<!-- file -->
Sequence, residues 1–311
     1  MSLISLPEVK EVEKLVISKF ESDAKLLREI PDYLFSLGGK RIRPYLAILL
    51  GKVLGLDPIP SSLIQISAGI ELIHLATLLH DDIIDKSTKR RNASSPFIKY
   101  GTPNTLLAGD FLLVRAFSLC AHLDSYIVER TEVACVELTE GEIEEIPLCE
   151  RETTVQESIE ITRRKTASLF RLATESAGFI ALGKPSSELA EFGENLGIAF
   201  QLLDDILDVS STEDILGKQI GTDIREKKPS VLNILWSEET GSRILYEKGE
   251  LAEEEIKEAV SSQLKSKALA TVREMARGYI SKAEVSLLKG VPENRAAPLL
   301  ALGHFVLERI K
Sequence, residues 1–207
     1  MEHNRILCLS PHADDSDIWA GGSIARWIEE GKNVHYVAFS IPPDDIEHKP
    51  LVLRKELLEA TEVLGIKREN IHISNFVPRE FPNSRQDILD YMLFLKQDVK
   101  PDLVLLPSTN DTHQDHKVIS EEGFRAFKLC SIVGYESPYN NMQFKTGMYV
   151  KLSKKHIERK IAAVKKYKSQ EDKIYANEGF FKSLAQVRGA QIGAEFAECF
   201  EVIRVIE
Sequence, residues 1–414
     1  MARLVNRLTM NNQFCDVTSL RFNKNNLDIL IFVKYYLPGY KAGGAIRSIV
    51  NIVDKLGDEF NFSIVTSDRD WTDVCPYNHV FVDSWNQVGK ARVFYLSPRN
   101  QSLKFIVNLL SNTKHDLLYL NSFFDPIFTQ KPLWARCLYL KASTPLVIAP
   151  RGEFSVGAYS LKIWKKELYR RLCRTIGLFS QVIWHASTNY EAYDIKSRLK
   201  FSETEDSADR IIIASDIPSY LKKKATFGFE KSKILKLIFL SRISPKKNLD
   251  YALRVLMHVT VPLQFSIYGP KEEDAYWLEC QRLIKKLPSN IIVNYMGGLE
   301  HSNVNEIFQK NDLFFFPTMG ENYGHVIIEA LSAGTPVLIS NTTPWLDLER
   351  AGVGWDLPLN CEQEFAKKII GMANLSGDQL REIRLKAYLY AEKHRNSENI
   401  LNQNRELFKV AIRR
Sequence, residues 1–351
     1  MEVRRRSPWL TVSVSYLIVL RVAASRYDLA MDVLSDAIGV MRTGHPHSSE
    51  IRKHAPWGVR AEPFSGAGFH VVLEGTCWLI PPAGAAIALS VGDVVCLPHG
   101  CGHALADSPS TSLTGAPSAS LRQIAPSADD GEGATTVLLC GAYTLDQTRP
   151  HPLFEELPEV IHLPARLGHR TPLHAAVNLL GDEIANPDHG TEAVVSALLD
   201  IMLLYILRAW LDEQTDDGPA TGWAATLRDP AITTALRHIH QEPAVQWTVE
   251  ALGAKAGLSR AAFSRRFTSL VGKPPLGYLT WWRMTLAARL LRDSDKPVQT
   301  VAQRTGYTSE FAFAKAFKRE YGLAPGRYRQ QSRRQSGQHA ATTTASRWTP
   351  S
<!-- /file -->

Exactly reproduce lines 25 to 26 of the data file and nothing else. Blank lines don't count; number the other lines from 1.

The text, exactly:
Sequence, residues 1–351
     1  MEVRRRSPWL TVSVSYLIVL RVAASRYDLA MDVLSDAIGV MRTGHPHSSE